The two organisations, along with the Letchworth Garden City Heritage Foundation, are transforming a 1920s semi-detached home into a blueprint for making older properties more energy efficient.
The home in Letchworth, owned by the Heritage Foundation, is getting a complete retrofit to improve insulation and thermal performance. It will then be monitored for 12 months to check the difference in energy use and determine how much people living in older properties could save in household energy costs.
The results are expected to inform thinking on the rationale for investment in retrofit projects on heritage and older properties by providing evidence of energy savings.
Willmott Dixon undertook the design and is managing the project, which will balance improving the property’s energy efficiency with protecting its external characteristics.
A number of suppliers are sponsoring the work, which includes installing Pavadry wood fibre internal wall insulation, new windows, solar PV panels, a waste water heat recovery system and a demand controlled ventilation system from Aereco.
Prior to work starting, BRE assessed the house to model its baseline energy performance and gathered energy use data from typical homes in the area. Performance specification options were then developed for the Heritage Foundation in line with current government regulations for new homes and more ambitious carbon/energy reduction targets.
Once complete, BRE will carry out monitoring to analyse energy use and internal conditions, the performance of various design features and the experience of the property’s residents. Another similar property, without modifications, is being used as a comparison.
Willmott Dixon Re-Thinking’s Rob Lambe said: “With over a quarter of the UK’s total carbon emissions coming from our homes and a fifth of households living in fuel poverty, it’s really important to ensure domestic properties are as energy efficient as possible. With a large number of older and heritage properties in the UK, there is a particular need to explore a range of options that will help people to keep warm and save energy while protecting the characteristics of these buildings.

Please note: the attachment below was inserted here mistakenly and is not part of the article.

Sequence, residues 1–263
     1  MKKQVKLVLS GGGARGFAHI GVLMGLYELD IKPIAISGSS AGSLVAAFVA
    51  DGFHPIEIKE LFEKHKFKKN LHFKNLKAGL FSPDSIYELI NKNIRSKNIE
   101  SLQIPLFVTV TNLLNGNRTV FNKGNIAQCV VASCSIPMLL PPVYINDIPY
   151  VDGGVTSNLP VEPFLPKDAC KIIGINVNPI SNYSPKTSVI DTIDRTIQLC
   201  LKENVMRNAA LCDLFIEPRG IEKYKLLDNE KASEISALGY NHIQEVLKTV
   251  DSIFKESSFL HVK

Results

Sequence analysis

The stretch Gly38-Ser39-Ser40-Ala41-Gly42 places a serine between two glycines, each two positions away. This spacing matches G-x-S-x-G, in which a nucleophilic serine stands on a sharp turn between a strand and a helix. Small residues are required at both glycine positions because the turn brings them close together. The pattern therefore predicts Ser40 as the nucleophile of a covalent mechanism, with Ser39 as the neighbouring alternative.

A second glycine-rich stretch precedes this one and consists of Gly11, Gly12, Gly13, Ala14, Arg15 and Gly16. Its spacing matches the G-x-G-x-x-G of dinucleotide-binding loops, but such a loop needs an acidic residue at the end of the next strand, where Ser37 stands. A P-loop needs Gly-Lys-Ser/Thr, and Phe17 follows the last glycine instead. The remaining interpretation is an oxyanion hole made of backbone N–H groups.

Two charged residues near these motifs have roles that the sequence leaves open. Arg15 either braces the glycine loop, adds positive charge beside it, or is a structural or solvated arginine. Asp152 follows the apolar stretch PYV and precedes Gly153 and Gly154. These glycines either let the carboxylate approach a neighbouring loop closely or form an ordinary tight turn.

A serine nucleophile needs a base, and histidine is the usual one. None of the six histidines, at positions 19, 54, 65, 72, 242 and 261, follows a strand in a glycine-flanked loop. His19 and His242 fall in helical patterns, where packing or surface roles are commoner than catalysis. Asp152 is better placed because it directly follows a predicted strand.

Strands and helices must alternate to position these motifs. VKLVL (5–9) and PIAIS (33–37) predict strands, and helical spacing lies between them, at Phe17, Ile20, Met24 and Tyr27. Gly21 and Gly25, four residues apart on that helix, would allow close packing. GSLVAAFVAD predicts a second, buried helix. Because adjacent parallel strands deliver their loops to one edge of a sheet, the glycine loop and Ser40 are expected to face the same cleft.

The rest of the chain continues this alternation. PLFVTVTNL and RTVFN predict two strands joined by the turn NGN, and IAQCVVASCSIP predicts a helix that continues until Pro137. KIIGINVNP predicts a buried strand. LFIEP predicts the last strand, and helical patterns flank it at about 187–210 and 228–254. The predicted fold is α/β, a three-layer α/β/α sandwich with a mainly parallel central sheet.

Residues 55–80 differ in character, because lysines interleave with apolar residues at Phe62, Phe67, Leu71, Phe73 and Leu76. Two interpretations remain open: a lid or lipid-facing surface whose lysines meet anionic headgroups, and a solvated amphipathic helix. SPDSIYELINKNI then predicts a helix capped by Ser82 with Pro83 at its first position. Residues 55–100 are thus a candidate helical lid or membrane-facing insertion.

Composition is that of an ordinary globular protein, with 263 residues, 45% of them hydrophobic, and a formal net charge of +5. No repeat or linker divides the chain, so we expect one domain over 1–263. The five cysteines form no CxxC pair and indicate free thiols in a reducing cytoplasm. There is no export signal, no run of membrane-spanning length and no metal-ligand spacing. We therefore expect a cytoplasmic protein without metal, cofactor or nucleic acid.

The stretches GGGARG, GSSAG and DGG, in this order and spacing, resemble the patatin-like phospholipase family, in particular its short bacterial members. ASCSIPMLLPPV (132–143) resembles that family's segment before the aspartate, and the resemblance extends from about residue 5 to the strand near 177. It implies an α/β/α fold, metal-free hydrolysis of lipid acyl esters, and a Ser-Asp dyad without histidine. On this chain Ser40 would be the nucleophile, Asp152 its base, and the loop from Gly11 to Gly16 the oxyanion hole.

“This project not only enables us to learn more about installing the right solutions for heritage homes but provides us with a unique opportunity to develop research that will help underpin similar projects in the future.”
David Ames, head of heritage and strategic planning at Letchworth Garden City Heritage Foundation, said: “As part of our commitment to sustainability we are aware of some of the issues arising from living in early Garden City solid wall homes. Initially working with the BRE, we undertook a local community engagement exercise to understand these issues in detail. We wanted to learn more about how these homes could be made more energy efficient, maximising the performance of the building fabric itself and taking a holistic view of the impact of the changes. We are also glad to be working with Willmott Dixon and our partners on this project, and we are looking forward to seeing the finished project and inviting the local community to the opening, where we can show other residents what can be achieved.”
BRE project manager Steven Stenlund said: “The aim of this project has been to plug the knowledge gaps on how best to make heritage homes like these more energy efficient without compromising on their unique character. The learning derived from the demonstrator home will benefit local homeowners and will have broader national applications as we continue to drive down the energy use and carbon emissions from existing homes.”